You go fast on a bicyle. Having not cycled since I was 10, I had forgotten this. The same familiar journey becomes a completely different journey at four times the speed (say 4mph walking, 16mph cycling) - instead of taking an opportunity to think, one must be constantly aware of traffic, road conditions, your balance - and all these thiings change, every second. Architecture no longer matters, the dress sense of pedestrians (such an urban pleasure!) becomes inconsequential; the landscape becomes one of road signs, traffic lights, moving cars and parked cars and tarmac texture. Now you can see the grooves buses wear into the street surface; painted road markings are no longer signs & symbols but objects, raised up and tactile. This road-space is governed by rules I do not know; I read the Highway Code so I would not be a total liability out bike-testing, but this is such little fraction of the behavioural codes of roadusers. Cycling ignorant of this is cycling illiterate, a foreigner in a strange land.

Yet what is so intriguing is that these new processes and foreign meaning is re/inscribed upon streets I've walked and bussed down for years. As a pedestrian I handle traffic so fluently, jaywalking across roads watching traffic flow as a set of (differential?) equations, each lane to be solved one at a time. I weave in and out of cars without concern, guided more by instinct than concrete thought as to what is safe. Yet up on a bike it feels like a completely different problem. Instead of crossing perpendicular to traffic I must now move parallel with it - become part of it, I suppose, though my thinking has not yet quite understood that concept so far. This layering of spaces, of meanings within the same built architecture - it is the city as palimpsest, the overlayering of trace upon trace upon trace.

Cycling produces a new emotional geography too. I don't want to be ashamed to admit that testing bikes yesterday I was afraid - so easy to wobble into traffic, or, not knowing what to look for in this unfamiliar setting, to fail to notice impending danger. Cars are so much bigger, heavier, armour-plated - when cycling they felt like autonomous machines, their trajectories inevitable and unalterable. I'd forget there were people inside, people who were watching and thinking about how I was moving - people who would make an effort to avoid hitting me. Is this why cyclists talk of the road as warfare? It is hard to see it as teamwork, much as it may be that kind of social space of cooperation and allowance too. So cycling was this state of continual awareness of how I might come to harm - can I call this existential? - very liminal, danger a knife-edge away. Like standing on the edge of a tall building - and, what is more, knowing how easy a moment of madness could be.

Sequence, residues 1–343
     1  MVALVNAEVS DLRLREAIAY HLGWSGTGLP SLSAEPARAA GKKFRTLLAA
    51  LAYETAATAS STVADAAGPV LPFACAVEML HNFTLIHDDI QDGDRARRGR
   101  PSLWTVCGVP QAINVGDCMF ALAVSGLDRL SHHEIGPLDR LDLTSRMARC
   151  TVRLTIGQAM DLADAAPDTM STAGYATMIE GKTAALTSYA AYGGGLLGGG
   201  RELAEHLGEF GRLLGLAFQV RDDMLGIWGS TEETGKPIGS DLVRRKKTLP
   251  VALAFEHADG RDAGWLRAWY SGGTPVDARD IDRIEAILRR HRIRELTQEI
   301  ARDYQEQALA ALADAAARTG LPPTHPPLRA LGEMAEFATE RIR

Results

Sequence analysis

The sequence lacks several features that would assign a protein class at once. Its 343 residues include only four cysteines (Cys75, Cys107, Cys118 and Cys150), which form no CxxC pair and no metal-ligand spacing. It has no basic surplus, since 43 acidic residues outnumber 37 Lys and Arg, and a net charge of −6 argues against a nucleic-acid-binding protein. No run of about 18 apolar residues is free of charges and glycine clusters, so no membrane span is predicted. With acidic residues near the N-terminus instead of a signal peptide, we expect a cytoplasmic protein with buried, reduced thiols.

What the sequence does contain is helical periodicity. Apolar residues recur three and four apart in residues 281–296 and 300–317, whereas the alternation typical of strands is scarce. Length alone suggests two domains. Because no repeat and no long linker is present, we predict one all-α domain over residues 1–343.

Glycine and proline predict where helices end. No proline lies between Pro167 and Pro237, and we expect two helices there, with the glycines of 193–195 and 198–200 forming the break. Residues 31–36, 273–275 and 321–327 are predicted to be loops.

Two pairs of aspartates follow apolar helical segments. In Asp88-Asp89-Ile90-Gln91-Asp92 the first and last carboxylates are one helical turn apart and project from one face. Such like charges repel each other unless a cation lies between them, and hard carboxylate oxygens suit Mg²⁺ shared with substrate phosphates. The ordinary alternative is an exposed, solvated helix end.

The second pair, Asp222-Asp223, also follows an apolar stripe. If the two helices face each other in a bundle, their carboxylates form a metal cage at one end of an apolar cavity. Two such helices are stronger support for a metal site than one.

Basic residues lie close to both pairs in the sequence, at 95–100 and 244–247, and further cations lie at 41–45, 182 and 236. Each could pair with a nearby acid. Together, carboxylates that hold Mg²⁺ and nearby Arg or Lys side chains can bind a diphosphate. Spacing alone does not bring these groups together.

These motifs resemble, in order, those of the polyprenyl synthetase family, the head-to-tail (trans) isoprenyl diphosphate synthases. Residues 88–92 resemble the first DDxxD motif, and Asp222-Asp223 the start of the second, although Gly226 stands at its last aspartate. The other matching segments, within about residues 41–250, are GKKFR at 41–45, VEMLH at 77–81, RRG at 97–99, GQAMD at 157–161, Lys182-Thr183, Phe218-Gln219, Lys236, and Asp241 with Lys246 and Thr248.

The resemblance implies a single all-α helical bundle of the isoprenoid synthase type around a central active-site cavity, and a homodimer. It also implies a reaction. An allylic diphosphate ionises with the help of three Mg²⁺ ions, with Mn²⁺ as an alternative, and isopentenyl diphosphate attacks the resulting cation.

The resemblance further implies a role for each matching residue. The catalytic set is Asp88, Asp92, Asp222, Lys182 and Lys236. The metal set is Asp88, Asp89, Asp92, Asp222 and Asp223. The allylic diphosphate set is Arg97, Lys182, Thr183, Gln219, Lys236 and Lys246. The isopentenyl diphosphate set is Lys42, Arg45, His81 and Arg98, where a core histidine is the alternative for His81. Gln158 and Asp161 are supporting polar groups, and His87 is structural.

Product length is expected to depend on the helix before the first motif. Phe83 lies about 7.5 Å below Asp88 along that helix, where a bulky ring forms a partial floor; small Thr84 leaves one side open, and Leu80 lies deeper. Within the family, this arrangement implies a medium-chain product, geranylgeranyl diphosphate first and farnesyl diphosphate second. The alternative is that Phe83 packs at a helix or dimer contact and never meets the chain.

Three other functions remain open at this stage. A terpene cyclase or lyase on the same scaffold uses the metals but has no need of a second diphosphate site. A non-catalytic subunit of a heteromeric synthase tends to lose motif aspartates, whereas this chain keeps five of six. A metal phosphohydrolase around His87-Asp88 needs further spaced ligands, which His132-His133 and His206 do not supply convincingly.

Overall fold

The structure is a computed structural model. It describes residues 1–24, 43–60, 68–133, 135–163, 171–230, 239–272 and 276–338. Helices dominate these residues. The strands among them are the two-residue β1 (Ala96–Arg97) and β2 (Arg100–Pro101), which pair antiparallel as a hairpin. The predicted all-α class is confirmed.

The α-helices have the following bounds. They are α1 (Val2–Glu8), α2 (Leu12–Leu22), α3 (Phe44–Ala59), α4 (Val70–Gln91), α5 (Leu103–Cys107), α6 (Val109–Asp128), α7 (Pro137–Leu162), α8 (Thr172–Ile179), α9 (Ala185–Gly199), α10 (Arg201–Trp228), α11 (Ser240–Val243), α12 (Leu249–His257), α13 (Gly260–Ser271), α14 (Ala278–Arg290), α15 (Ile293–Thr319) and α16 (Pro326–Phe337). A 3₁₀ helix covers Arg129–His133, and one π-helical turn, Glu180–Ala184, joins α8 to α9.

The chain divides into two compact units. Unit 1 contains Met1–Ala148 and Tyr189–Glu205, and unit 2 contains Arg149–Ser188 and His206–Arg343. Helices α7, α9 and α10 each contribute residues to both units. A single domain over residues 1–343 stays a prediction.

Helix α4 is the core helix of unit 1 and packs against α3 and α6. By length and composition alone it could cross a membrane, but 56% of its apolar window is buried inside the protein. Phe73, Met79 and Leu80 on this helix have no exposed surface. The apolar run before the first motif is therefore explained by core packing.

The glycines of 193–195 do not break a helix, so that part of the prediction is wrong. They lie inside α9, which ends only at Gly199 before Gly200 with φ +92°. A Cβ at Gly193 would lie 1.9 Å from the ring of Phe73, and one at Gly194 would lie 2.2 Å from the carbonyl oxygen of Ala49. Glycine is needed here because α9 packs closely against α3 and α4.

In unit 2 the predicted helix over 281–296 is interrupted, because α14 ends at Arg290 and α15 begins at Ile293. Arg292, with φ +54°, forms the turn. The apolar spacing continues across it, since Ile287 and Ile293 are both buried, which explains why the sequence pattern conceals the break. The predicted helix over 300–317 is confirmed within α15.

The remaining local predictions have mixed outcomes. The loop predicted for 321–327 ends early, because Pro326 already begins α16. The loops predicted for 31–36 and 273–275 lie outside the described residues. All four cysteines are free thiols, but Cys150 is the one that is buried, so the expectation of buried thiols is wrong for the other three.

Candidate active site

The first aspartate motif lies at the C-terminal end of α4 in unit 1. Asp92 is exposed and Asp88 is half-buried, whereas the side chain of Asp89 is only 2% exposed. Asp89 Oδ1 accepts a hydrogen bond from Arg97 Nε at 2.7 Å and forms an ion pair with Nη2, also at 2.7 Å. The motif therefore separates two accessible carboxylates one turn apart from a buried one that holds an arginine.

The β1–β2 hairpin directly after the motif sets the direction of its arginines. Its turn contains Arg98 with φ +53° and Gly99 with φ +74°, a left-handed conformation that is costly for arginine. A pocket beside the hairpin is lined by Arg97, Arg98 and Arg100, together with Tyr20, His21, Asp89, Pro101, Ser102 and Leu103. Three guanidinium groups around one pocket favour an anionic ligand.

I beg to know when cycling might become second nature; how long does it take to learn to read the road? I hate to be a beginner like this, a liability to myself and others. Though it'd be a shame to lose this novel frame of perception - must mine it for ideas while I can! - it is so difficult to inhabit this road-space of fear and trial and threat. Yet until I started thinking of buying a bike I did not know this arena of challenges was even there - hidden in plain sight, the materiality of the road users visible but the process and meaning obscure without practical experience. And now these streets become a place for me to test myself, to face my fears, and to develop this new competency and embodiment.